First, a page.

Should you change your mind in the middle of a drag and decide not to re-order or change the parent container of an element – then just press ESC and everything will snap back to how it was before the drag started.
This post is part of a series of posts about Antetype 1.3.
After 6 months of development we are proud to release Antetype 1.3.0.
Antetype 1.3 contains many new enhancements and bug fixes and is available now as a free upgrade. You can download it directly – or use Check For Updates… in the Antetype menu.
This post serves as an overview of the changes – in the coming days we will post more details for you about the details of each of the changes. We will update this post with relevant links to other as they are added.
The first noticeable change when starting Antetype 1.3 is the Template Chooser that is presented to help you start a new document, load a recent document or open an existing document.
There are a number of categories and within each category a number of templates – expect new templates in future release but do keep an eye on our community site for more inspiration.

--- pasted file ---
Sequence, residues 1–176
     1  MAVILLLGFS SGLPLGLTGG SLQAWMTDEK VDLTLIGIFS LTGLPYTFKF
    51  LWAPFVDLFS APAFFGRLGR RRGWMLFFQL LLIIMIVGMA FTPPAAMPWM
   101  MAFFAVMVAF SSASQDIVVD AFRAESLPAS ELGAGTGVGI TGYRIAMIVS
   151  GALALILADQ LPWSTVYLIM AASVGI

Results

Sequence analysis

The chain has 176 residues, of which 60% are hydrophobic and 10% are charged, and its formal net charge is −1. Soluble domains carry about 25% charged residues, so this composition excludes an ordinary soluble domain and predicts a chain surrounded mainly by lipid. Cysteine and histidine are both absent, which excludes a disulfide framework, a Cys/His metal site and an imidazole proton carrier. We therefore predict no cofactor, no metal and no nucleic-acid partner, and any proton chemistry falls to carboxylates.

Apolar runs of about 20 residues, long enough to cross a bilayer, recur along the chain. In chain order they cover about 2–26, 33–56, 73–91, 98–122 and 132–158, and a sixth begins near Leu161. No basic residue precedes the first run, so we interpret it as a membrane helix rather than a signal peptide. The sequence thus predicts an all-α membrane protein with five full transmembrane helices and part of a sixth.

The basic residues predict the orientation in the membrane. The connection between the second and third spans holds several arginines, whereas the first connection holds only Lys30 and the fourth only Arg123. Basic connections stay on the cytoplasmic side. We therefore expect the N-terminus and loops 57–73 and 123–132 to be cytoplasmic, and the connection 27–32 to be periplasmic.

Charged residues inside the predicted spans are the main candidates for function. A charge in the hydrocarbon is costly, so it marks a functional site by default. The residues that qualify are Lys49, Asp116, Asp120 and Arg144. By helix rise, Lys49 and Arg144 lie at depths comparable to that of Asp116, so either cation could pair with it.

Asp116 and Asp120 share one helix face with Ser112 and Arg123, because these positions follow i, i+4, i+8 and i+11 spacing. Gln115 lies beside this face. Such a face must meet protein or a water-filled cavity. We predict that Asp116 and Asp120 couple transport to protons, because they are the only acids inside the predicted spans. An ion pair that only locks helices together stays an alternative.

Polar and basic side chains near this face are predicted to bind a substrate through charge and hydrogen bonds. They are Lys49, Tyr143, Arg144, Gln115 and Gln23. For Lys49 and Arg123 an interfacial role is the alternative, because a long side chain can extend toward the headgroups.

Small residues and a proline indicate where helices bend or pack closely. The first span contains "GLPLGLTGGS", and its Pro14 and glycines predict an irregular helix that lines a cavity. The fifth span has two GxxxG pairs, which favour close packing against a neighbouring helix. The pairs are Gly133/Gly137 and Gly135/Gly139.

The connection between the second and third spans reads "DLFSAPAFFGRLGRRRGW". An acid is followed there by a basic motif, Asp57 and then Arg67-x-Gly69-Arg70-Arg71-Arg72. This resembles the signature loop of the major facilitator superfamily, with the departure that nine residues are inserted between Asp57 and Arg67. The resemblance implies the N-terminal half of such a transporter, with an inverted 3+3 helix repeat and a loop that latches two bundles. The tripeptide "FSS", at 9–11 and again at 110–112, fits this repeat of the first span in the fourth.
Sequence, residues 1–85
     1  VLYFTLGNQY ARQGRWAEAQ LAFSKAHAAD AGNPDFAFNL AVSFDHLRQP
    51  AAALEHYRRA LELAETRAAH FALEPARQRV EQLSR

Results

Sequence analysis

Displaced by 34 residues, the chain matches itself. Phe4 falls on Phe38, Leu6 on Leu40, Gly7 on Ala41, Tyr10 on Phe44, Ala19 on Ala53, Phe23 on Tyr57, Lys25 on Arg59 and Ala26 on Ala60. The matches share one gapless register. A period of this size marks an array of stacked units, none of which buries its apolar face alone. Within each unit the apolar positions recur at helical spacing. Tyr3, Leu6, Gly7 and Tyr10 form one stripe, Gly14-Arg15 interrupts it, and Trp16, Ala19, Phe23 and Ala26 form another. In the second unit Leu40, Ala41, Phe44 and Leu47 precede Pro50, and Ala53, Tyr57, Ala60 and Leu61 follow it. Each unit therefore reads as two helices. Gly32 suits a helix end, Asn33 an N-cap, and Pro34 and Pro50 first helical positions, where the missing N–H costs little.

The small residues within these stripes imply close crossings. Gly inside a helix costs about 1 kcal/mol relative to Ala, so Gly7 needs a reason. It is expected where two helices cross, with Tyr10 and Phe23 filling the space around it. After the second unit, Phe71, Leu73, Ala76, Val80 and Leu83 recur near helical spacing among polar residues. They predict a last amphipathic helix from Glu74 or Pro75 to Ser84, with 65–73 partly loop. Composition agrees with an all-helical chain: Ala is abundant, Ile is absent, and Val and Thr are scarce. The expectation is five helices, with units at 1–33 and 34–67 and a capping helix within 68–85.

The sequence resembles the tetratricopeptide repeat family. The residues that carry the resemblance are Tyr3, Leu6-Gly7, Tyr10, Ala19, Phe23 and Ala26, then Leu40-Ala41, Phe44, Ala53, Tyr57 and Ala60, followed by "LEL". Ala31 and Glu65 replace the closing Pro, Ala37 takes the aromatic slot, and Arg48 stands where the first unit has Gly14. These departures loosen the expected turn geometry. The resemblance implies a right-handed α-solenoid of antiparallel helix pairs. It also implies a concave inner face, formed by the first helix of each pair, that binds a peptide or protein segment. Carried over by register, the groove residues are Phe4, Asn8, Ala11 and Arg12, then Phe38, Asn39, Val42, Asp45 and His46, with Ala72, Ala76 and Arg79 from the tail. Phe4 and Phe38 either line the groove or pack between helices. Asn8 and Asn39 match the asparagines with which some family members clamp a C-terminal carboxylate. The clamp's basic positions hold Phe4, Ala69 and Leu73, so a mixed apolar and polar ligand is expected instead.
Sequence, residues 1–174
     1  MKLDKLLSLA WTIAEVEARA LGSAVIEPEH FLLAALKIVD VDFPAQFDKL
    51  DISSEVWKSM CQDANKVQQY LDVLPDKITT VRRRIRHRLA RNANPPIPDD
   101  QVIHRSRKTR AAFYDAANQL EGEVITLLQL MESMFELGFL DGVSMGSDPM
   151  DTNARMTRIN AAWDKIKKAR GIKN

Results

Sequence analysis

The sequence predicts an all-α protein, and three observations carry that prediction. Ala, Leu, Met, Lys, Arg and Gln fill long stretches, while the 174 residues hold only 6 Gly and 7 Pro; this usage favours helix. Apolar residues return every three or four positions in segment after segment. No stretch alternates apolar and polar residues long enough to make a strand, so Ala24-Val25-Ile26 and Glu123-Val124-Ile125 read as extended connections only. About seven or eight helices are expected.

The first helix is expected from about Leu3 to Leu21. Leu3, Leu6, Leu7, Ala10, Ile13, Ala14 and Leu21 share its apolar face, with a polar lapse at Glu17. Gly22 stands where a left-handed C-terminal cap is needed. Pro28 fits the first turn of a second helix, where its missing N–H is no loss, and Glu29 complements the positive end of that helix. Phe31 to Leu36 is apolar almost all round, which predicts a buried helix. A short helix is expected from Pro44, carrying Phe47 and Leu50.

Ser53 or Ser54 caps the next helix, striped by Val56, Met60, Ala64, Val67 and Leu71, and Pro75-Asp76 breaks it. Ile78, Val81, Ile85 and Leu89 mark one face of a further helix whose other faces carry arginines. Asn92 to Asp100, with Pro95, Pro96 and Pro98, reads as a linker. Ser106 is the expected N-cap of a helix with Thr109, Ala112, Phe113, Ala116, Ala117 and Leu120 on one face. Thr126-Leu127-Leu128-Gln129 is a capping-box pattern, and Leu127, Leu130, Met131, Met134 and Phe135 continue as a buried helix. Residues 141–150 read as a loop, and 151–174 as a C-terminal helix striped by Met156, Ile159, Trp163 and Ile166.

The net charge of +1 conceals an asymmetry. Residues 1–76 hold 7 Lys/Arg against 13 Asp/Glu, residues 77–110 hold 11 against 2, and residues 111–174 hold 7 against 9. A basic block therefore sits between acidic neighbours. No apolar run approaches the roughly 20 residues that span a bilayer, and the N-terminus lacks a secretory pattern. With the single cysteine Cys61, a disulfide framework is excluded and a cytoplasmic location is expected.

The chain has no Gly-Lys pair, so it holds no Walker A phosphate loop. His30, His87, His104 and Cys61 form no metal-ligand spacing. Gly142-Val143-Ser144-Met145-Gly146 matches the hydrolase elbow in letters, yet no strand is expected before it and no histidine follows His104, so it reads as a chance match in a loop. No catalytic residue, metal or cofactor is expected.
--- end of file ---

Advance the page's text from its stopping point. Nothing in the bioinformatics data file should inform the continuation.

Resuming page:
The first template presented to new users is the Getting Started template which we have designed to give a quick (less than 5 minutes) introduction to the key concepts of Antetype.
It is hard to demonstrate in a static image – you’ll need to try it yourself, but smart dragging reduces the time taken to re-order your hierarchy, add new items to the hierarchy and play with different layout ideas.
Read more about Smart Dragging.
To further speed up the process of designing a screen we have added two alternatives to the Style Inspector that are available under the normal Toolbar. These are the style bar and text bar.
With a glance you can review the key styling information about a selected item. Pop-up windows appear to enable you to focus on editing styling aspects of your design, and disappear when you want to review your changes.
At the bottom of the screen we have also added a status bar. This is the new home of the zoom control, but also holds a path component to provide information about the current selection and its parent components in the hierarchy.
The path control can also be used to change the current selection (select a parent or try a ctrl-click), highlight objects (⌥), change screen (ctrl-click on screen name) or rename the selected item (double click).
Read more about the Status Bar.
When Present In-Place is started a new tool is enabled by default that allows you to interact with your screen as if it was in a Full Screen Presentation. For example when the mouse moves over a widget you can see the mouse-over state, when a click happens you can see the pressed state. During an In-Place presentation you can change to normal selection mode to edit your design while it is in the altered state.